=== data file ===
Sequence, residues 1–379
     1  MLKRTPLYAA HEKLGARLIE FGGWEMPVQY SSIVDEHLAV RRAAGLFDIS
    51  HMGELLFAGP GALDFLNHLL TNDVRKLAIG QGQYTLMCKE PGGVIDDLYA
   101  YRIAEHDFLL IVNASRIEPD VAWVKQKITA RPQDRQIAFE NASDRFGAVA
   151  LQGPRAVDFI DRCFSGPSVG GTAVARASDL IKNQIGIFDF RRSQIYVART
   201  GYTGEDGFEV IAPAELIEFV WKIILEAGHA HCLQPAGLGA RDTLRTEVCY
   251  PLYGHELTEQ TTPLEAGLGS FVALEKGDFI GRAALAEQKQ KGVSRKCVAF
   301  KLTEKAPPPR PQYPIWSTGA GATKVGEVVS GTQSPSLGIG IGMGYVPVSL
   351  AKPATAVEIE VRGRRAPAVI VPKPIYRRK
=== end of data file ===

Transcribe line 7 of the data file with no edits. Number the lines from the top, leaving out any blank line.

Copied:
   251  PLYGHELTEQ TTPLEAGLGS FVALEKGDFI GRAALAEQKQ KGVSRKCVAF